Should I move house?

The changing face of the UK property market has brought about significant changes to not only when people are moving home, but also how long they typically stay in one property. This is according to fascinating data just published within the English Housing Survey.

Garrington have studied the findings and the report highlights some very interesting – and very different – stories. It may surprise you to know that homeowners have been in their home an average of 17.8 years.

The data also shows how this number varies massively across different sectors. Outright owners have been in their home for 24 years on average. Homeowners with a mortgage have been in their home for ten years. And private renters just four years.

Who is moving, and why?

This is all against a backdrop of 2.1 million moves in the previous year. As the average occupancy suggests, those moving most are within the private rented sector. Renters accounted for 55% of moves for a total of 1.2 million.

It’s possible that the outright owners have passed through the category of having bought with a mortgage and now own their homes outright – which would imply a longer time period. It would also include those downsizing who are buying outright with the proceeds of a larger house as they prepare for a long and settled retirement in the same house.

We know from previous home moves information that large amounts of housing stock is under-occupied by the over 65s who are looking for – but failing to find – suitable downsizing properties. This raises the distinct possibility that not all of this long term occupation is ideal or desirable. It could reflect people wanting to move but not being able to do so for various reasons including there not being the right housing for them to move to.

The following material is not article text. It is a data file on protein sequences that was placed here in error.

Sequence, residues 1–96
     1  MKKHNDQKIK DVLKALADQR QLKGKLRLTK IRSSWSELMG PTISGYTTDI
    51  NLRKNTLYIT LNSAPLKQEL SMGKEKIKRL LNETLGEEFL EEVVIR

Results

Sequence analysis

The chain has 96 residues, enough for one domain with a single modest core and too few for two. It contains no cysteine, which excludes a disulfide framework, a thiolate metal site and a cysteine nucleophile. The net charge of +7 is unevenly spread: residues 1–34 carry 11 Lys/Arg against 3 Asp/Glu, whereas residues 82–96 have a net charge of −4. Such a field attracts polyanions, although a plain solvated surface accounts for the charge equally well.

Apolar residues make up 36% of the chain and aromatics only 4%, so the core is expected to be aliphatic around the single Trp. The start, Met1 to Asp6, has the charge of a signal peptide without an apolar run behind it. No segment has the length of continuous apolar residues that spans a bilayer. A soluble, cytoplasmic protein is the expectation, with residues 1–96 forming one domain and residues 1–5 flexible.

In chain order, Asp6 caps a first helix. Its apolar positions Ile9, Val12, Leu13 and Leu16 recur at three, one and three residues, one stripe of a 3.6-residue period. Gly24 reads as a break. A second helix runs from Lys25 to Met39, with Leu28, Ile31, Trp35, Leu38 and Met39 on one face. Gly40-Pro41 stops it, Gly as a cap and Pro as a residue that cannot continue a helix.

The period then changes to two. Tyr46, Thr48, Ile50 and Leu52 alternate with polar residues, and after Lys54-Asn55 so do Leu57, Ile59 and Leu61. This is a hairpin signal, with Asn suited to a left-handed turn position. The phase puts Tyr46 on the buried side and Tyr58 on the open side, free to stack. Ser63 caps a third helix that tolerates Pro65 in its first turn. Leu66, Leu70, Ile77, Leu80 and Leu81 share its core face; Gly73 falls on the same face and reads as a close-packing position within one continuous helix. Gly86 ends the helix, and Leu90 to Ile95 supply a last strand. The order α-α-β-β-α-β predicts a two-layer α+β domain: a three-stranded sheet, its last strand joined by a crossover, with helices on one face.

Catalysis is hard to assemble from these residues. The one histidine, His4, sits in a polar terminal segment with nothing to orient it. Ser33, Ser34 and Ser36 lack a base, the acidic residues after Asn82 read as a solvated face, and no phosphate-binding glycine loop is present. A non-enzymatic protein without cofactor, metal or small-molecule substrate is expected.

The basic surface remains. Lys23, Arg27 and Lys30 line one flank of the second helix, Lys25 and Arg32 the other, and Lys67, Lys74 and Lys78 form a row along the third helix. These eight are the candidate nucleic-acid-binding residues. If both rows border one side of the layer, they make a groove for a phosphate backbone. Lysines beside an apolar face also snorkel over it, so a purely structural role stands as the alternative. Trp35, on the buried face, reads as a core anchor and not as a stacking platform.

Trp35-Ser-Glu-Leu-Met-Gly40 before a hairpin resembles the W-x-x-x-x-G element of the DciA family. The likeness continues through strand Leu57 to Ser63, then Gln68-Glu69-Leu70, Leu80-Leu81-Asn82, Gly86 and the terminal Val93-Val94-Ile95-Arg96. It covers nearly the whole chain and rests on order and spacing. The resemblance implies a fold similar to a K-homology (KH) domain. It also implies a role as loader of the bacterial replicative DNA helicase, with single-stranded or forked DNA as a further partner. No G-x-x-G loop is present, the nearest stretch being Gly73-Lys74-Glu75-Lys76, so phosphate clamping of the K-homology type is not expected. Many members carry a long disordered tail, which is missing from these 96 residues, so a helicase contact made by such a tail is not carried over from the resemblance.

People move house for a variety of reasons. Some positive, some negative, and some perfectly neutral. Probably not for the entertainment value, as moving home is often said to be one of the most stressful things you can do.

The broad strokes of these numbers mean it is impossible to see the finer detail. Where in the country are these people moving? How many miles away? Are they moving to larger or smaller properties? For what reasons? That’s not just nosiness asking, but it is data that’s not available from this particular home moves information.

How the rental market fits in

Private sector rental tenants are don’t always get to make their own choices on moving house. Their tenancy is dependent on the owner of the house – if the owner decides to sell, the tenants may have little choice but to move on. The average lengths of residence shows a huge gap between the experiences of renters and that of owner-occupiers, with far more frequent moves.

Flexibility and the much shorter time scale of finding new accommodation and moving out of a previous tenancy is a big advantage for the private rental sector. Perhaps part of the reason that occupancies are shorter is that it’s easier to move when you are renting – especially if your accommodation is furnished. So tenants might consider a move that would not have been possible or worthwhile if they owned the house.

Some of those 653,000 people making owner-occupier home moves will be moving out of rented accommodation and into owning their own homes, most likely with a mortgage. We already know there is a large market catering to these first time buyers coming out of the private rental market. First time buyers made up 42% of all new mortgages for home purchases in 2016 – plenty of movement going on there.

It’s not so much what these statistics are now, but the direction they are trending in. Keeping an eye on home moves information and this aspect of the market can help spot problems or opportunities in advance. What does this mean for the housing market, and for those in and around it?

If you are thinking about moving home and wondering how these issues affect you – and how to take the stress out of the process – get in touch with Garrington to see how we can help.

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